1. What impact does IoT (Internet of Things) have on the evolution of digital analytics?

In the beginning, web pages generated a lot of data for analysis, making marketers shift from classical analytics based on users to an analytics based on user behavior. IoT comes with a lot more online/offline data, and with another shift that brings a more holistic approach to the marketing. There won’t be any more “online” and “offline” or “social” marketing, because that’s all just marketing through different channels. Marketing strategies will have to use many channels in order to send the proper message to the user, depending not only on his current interaction with our brand, but depending on his current location, feelings, his friends’ actions and so on. We will definitely have more data to analyze.

  1. Particularly in light of IoT, what trends do you see and expect in gathering, combining and processing data from online and offline worlds in the near future?

We’ll definitely see more behavioral data, like sleep patterns walking/running, travel and similar—data that marketers will use for more accurate content and geo-targeting. For example, your FitBit will upload the data to a cloud, which will say your heart rate is high after your run. Your smart watch or smartphone will send you a personalized ad saying something like “Did you know you can buy the new Coca-Cola Zero in the supermarket that’s just 50 meters away? Click here to get a 10% off coupon”. Not to mention that your smart fridge will contact your online grocery shop to obtain all the things you need for your weekend dinner with your friends, which you included in your cloud calendar, telling your smart car the best route available to pick them up (if you like). There are endless possibilities for data analysis before us, and I can hardly wait for the future to start.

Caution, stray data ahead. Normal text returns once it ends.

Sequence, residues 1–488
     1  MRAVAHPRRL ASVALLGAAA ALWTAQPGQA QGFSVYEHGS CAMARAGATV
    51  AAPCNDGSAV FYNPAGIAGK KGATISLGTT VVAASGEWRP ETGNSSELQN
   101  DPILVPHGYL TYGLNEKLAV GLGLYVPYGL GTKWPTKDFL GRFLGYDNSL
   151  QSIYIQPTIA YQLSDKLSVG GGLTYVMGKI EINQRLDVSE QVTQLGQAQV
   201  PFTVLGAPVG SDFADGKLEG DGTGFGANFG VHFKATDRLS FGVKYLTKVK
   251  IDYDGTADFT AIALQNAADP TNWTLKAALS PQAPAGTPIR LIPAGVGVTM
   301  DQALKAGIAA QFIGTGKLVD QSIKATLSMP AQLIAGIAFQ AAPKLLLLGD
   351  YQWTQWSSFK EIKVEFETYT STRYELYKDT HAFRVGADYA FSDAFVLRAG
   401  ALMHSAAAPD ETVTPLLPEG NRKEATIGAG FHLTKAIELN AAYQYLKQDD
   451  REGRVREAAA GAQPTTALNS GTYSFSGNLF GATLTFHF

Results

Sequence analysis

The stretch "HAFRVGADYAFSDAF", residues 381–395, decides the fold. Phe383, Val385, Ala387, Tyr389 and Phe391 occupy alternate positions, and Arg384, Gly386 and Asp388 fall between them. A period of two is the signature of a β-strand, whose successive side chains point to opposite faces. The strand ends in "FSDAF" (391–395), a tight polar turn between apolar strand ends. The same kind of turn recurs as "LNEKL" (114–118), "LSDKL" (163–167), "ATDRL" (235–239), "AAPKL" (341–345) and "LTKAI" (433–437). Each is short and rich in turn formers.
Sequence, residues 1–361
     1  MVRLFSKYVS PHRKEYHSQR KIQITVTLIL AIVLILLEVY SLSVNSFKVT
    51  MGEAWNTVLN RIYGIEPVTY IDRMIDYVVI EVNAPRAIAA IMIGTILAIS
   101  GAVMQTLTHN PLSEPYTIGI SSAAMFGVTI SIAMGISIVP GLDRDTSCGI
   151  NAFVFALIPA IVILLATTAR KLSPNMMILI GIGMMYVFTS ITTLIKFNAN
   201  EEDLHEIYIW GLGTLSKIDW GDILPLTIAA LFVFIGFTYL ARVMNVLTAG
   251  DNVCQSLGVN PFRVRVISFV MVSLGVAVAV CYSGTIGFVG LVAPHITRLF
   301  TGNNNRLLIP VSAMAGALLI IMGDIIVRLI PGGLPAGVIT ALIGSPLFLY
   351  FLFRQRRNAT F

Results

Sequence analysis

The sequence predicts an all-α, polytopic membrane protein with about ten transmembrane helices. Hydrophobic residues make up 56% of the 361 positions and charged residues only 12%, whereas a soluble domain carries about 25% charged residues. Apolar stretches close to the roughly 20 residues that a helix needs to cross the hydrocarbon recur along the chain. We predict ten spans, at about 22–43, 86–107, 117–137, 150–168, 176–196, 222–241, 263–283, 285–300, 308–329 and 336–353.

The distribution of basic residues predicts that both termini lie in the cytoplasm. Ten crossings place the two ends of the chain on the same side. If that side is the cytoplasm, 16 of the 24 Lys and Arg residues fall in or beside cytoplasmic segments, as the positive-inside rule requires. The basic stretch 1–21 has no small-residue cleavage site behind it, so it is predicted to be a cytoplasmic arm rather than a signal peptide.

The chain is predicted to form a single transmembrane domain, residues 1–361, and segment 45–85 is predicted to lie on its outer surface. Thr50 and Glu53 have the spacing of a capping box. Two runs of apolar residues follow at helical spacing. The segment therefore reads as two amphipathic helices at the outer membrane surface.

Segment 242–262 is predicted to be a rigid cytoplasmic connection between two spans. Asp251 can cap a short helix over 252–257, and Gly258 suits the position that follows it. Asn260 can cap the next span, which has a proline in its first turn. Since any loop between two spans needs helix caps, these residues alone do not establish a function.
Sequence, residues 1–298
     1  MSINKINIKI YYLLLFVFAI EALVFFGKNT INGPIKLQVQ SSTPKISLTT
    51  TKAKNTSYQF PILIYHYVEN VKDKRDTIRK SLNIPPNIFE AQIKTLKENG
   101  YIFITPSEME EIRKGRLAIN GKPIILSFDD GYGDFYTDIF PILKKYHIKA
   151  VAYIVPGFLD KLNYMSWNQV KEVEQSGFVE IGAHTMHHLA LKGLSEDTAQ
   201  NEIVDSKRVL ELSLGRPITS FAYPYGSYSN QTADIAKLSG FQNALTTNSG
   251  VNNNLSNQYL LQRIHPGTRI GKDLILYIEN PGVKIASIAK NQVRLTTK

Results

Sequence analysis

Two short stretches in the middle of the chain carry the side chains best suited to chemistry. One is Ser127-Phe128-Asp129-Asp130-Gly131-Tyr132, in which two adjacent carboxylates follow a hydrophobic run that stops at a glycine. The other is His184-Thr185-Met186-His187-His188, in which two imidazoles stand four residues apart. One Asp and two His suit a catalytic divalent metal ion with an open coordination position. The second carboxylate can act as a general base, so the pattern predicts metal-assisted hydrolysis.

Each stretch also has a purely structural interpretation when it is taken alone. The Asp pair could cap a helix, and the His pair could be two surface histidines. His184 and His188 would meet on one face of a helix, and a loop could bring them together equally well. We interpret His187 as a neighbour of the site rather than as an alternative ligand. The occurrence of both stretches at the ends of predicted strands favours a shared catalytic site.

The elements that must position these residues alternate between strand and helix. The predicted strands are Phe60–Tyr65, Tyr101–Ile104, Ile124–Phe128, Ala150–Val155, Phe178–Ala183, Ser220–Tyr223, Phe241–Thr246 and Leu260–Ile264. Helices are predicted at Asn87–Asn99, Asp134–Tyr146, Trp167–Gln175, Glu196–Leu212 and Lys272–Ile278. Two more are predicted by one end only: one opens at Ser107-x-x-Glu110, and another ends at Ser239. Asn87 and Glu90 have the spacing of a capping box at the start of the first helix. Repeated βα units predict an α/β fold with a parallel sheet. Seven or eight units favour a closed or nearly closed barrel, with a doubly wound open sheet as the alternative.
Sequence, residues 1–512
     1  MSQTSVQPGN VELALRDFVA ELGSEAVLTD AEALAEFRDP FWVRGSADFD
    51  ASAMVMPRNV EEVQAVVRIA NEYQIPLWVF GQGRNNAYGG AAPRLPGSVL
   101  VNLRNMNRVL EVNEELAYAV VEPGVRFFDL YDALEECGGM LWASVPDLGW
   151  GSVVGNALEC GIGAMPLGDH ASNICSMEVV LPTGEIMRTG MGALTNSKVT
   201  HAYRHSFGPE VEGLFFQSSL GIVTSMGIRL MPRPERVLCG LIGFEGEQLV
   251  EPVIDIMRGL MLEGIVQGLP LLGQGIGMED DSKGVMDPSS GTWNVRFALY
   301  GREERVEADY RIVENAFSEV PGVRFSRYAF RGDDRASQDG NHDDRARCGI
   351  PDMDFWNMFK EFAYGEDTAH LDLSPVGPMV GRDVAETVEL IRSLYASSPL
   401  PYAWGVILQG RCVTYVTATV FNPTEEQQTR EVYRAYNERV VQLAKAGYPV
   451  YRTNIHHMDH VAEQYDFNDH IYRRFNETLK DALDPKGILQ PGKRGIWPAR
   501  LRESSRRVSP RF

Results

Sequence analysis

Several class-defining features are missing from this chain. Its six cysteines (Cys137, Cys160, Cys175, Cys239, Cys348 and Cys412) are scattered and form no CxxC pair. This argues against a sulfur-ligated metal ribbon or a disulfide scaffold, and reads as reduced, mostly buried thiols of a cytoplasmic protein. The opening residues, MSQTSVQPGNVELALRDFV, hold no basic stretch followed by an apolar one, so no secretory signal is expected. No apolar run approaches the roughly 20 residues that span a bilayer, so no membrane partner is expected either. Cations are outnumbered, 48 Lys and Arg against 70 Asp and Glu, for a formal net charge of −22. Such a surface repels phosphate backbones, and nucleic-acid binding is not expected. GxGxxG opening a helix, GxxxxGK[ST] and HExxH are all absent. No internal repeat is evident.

1. As a Google Analytics specialist, what are the most important benefits to using this tool?

I’ve studied psychology, where I learned I shouldn’t just be looking at numbers I get from various tests, but that there are people behind those numbers in the first place. Google Analytics enables me to dig into various reports and figures, to figure out why people behave the way I see the doing from those figures, especially after they saw or were exposed to various messages, design schemes, etc.

You simply can’t do any online advertising if you don’t have analytics. But if you do, than you’re simply wasting half of your budget not knowing which half you spent wisely, effectively. As I’ve said so many times, Google Analytics is able to tell you useful things for your online business— you “just” need to know to read them, and read them well.